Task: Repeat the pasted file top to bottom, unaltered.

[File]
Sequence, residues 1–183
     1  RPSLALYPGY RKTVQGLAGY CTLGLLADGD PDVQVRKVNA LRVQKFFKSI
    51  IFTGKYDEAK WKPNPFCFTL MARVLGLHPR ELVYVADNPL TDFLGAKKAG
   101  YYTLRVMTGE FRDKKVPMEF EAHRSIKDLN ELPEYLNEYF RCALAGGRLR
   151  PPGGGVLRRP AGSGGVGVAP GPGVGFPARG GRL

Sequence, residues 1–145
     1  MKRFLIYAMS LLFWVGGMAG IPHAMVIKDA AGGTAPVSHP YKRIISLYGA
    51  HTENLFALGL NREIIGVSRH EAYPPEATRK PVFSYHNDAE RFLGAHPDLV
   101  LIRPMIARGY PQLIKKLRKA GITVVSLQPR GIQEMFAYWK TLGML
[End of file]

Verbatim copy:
Sequence, residues 1–183
     1  RPSLALYPGY RKTVQGLAGY CTLGLLADGD PDVQVRKVNA LRVQKFFKSI
    51  IFTGKYDEAK WKPNPFCFTL MARVLGLHPR ELVYVADNPL TDFLGAKKAG
   101  YYTLRVMTGE FRDKKVPMEF EAHRSIKDLN ELPEYLNEYF RCALAGGRLR
   151  PPGGGVLRRP AGSGGVGVAP GPGVGFPARG GRL

Sequence, residues 1–145
     1  MKRFLIYAMS LLFWVGGMAG IPHAMVIKDA AGGTAPVSHP YKRIISLYGA
    51  HTENLFALGL NREIIGVSRH EAYPPEATRK PVFSYHNDAE RFLGAHPDLV
   101  LIRPMIARGY PQLIKKLRKA GITVVSLQPR GIQEMFAYWK TLGML